Before modern-day pedicurists came into existence, Nepal had Nanginis. Nanginis, also known as Naunis in Newari language, are traditional female pedicurists who trim and beautify the feet using the famous “ala” (bright red paste), natural ingredients and age-old tools.
Nanginis are typically from the Newari community and belong to the Napit family. The age-old skill is passed down from generation to generation. An older Nangini chooses and trains a younger female family member to carry on her legacy, who visits the families of those for whom her predecessor worked. These professionals use tools that modern pedicurists often don’t, such as water, “brick powder” to polish the nail, and “Ala,” a deep red moist mixture that is applied after the nail has been cut with “chhalancha,” a metal tool used as a nail cutter. The entire process known as “lusi dhenegu” (nail cutting) takes about 15-20 minutes and is quite enjoyable.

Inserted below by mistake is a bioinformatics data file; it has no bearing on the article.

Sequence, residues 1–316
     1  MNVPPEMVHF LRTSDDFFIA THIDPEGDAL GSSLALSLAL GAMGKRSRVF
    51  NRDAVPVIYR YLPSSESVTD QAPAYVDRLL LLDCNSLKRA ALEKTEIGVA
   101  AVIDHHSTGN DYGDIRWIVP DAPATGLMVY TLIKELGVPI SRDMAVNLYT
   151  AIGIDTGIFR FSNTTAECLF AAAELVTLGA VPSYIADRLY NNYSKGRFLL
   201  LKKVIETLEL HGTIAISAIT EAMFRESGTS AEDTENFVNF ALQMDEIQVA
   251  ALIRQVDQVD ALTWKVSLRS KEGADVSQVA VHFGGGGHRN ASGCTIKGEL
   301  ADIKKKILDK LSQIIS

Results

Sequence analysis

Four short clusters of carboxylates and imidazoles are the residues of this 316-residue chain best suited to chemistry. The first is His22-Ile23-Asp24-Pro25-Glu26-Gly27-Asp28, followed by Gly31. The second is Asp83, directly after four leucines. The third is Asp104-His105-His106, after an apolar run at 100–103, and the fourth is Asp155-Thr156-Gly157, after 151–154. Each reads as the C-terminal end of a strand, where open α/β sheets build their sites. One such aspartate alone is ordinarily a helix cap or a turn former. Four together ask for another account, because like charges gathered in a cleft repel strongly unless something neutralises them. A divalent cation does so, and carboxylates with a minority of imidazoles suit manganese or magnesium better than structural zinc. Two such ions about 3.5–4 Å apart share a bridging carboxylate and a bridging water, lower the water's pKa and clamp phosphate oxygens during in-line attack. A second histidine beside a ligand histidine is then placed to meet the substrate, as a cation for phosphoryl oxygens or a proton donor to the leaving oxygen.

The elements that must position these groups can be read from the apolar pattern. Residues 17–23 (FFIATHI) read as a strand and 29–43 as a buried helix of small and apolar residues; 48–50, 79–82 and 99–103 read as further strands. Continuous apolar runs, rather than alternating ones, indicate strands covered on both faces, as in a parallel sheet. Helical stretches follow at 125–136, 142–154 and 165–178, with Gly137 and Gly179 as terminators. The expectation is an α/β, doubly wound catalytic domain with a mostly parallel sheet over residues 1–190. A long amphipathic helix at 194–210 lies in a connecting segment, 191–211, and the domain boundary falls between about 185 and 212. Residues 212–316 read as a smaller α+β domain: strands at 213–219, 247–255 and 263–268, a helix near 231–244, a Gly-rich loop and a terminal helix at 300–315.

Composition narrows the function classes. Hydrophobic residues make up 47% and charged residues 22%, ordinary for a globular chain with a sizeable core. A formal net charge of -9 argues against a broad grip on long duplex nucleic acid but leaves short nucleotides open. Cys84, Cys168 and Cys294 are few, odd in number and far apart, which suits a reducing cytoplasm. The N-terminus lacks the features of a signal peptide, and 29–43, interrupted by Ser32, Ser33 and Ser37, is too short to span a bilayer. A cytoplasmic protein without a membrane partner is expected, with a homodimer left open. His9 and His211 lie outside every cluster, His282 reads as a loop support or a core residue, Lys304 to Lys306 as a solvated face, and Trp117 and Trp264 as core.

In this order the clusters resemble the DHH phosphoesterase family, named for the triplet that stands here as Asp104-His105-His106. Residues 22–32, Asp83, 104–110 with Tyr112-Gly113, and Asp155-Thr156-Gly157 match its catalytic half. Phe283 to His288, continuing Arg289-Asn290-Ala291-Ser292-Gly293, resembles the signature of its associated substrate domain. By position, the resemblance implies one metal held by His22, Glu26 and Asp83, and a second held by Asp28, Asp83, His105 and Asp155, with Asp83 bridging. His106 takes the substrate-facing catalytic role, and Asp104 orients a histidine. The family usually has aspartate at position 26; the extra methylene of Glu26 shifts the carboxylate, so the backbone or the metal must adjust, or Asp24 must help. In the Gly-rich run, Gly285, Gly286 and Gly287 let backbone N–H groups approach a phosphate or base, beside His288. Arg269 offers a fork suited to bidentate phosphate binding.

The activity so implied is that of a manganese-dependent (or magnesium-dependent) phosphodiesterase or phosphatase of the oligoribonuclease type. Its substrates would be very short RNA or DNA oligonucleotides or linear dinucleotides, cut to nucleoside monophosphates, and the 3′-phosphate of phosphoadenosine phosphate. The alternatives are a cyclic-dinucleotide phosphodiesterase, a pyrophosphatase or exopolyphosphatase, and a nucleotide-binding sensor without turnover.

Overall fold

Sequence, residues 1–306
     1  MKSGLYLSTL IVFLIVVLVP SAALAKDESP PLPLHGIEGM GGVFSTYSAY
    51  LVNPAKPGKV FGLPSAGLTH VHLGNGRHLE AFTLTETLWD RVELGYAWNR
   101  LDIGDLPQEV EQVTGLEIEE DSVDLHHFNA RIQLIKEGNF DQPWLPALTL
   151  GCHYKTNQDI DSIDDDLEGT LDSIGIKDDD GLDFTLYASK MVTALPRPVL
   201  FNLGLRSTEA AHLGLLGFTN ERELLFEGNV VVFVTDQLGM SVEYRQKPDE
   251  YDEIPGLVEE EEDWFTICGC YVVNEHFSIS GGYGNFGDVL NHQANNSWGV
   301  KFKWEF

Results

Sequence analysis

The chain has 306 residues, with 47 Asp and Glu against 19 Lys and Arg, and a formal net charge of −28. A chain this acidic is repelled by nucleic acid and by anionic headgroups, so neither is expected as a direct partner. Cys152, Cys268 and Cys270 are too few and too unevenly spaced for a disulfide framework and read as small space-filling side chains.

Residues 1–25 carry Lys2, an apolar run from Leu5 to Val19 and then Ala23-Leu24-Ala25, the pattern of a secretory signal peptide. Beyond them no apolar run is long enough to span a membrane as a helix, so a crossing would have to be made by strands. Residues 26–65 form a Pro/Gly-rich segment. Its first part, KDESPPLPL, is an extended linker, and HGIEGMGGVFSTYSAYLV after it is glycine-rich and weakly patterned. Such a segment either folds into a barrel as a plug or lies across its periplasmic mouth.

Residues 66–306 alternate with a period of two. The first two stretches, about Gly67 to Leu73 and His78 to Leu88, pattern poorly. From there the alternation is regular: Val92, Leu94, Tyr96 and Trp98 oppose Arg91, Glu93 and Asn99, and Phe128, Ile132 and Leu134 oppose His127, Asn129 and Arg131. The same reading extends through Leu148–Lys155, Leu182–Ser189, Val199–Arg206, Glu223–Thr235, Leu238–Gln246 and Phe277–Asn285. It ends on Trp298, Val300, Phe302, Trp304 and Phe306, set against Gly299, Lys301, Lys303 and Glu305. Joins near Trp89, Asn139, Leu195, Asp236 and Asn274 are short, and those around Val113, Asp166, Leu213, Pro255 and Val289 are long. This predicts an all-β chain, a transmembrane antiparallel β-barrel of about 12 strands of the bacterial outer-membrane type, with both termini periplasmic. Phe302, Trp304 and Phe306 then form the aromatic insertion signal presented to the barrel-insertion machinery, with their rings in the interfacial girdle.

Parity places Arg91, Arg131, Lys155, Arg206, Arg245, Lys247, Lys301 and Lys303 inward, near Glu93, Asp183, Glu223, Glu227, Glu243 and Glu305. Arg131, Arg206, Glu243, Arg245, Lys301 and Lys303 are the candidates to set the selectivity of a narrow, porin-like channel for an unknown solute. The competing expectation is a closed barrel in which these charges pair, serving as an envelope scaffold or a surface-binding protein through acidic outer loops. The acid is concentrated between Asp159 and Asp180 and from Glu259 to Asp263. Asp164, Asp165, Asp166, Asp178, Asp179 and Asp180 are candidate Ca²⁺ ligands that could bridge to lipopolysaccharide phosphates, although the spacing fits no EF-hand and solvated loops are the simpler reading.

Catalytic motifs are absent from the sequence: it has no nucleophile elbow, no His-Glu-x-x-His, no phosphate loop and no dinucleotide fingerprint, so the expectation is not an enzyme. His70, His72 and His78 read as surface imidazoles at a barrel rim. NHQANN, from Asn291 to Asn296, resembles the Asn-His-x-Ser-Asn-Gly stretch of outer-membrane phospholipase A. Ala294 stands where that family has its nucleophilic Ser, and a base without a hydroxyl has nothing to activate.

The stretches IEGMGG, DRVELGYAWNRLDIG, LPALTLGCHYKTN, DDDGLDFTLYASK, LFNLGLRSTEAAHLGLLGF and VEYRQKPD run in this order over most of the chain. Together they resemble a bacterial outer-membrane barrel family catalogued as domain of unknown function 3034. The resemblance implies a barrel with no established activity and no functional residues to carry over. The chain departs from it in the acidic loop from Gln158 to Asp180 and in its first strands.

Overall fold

Apart from the pedicures, Nanginis are also sought after for their herbal pastes (medicines), which are said to have healing properties and used to treat sprains, minor injuries. All these factors contribute to the popularity of Nepali traditional pedicurists, whose skill is extremely rare, old, and limited to a specific community. In the past, Nanginis were called during special occasions and ceremonies for women from the Newar and Thakuri communities apart from the regular visits, but the practice appears to have lost popularity over time. When in Nepal, those interested in pampering and self-indulgence should definitely try the traditional pedicure and have an experience of a lifetime.
Source: Nepal Now